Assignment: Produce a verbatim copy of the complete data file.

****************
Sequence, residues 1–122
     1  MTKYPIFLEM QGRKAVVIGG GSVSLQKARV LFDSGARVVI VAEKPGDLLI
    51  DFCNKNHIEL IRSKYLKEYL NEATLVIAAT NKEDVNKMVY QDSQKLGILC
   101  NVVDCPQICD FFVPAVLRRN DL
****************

Sequence, residues 1–122
     1  MTKYPIFLEM QGRKAVVIGG GSVSLQKARV LFDSGARVVI VAEKPGDLLI
    51  DFCNKNHIEL IRSKYLKEYL NEATLVIAAT NKEDVNKMVY QDSQKLGILC
   101  NVVDCPQICD FFVPAVLRRN DL